“Ultimately the sewerage ends up in the same place. When it rains the basements flood, displacing the sewerage accumulated there, which flows into the streets and down into the stormwater system, which, on the northern slopes of city’s main ridge, feeds into the Jukskei,” explained Fairall.

To my eyes the body of water a few metres away looked pleasant. Rimmed with hyacinth and other aquatic plants, it was clearly a hit with water fowl, moorhens and the like. I said as much to Fairall.

“The lake is 2m deep,” he replied, nodding his head to indicate the significance of this fact.

Not likely, I thought, observing sacred ibis wading in the middle.

Then the penny dropped. The lake was supposed to be 2m deep, but something had filled in a good 1,9m of this depth.

“Sludge,” said Fairall, “tons of the stuff, courtesy of Hillbrow, Doornfontein and Yeoville. I had the water tested by the University of Pretoria, and they found it has an average of 50 worm eggs per litre.”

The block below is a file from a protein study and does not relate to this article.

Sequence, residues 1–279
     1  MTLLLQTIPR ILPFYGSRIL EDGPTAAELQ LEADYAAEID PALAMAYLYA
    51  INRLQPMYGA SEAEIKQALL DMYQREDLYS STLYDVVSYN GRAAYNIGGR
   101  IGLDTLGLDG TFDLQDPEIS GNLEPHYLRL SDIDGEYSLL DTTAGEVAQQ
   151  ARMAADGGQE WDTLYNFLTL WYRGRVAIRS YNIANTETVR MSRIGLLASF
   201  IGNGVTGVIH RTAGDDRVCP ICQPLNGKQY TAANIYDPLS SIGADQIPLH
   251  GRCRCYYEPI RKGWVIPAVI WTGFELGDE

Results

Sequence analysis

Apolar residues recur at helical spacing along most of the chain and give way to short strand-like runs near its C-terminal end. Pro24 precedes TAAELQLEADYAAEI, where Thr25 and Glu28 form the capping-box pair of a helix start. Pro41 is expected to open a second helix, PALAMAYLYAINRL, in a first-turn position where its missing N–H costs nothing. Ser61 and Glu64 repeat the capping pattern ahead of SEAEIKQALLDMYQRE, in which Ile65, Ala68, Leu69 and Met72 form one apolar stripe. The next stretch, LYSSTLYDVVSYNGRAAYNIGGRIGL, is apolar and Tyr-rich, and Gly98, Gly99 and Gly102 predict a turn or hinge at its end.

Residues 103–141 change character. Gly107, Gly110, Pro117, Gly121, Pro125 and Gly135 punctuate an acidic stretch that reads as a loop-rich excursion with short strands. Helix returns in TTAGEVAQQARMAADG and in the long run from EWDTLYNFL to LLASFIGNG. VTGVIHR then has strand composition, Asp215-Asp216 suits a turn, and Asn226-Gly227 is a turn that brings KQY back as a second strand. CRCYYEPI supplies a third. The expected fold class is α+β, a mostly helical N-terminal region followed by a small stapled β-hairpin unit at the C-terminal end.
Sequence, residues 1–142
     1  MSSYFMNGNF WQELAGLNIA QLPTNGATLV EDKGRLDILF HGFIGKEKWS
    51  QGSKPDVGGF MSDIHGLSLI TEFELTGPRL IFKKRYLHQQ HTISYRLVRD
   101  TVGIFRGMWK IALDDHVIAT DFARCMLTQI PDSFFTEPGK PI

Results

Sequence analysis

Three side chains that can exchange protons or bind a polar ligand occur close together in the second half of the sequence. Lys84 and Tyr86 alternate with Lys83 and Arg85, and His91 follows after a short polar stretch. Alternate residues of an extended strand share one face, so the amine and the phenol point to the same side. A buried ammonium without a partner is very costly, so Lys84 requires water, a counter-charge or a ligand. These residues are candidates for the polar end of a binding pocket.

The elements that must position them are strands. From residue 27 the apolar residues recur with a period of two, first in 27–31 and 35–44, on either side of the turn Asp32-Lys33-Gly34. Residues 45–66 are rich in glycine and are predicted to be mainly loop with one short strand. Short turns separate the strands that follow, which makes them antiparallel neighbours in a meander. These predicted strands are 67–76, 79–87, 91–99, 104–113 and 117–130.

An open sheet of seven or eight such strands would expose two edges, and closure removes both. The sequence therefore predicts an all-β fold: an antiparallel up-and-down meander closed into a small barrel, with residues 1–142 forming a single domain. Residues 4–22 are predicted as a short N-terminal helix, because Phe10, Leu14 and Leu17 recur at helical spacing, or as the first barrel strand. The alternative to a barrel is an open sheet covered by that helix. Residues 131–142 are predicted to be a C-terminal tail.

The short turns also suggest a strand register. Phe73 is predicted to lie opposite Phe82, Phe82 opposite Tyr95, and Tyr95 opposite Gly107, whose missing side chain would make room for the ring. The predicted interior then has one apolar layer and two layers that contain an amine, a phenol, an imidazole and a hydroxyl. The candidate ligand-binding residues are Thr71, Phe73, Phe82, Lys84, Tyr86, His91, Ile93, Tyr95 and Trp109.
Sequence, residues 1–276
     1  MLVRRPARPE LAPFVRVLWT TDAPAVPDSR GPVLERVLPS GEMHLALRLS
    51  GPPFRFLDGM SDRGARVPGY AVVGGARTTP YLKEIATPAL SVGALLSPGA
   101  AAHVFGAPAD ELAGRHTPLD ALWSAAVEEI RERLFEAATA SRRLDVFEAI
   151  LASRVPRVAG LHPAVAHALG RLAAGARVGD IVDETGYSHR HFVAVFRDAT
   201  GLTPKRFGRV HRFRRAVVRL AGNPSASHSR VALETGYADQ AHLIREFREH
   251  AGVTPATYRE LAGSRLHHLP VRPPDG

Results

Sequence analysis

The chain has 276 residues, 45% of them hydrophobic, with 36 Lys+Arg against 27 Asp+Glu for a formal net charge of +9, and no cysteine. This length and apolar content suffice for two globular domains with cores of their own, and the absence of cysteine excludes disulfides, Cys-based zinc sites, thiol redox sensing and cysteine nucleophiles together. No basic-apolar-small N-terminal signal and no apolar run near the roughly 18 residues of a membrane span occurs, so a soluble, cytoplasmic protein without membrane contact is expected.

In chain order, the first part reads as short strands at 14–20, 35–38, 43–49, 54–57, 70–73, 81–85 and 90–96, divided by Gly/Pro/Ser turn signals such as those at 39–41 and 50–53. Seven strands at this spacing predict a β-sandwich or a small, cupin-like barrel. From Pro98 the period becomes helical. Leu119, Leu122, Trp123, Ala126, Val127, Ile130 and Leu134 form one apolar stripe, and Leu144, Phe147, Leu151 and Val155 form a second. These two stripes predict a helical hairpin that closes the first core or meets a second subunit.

Bruma Lake was, ironically enough, the site of one of the city’s first sewerage works. This was decommissioned in the late 1970s, and by the early 1980s Anglo American Properties had started erecting buildings and selling plots around a newly created ‘lake’.

Before the development of that other great artificial Riviera, the Randburg Waterfront, Bruma Lake was the destination of choice for middle-class under-age drinkers. But just as quickly as it had boomed Bruma became something of a dirty word, and part of the reason for its decline (together with the fact that bodies and decapitated heads kept turning up in the rushes) was the pollution.

Disastrous consequences
In attempt to shut activists like Fairall up, millions were spent on three devices called SolarBees, which permanently stir the water so as to aerate it. They do this job well, but with disastrous unlooked for consequences.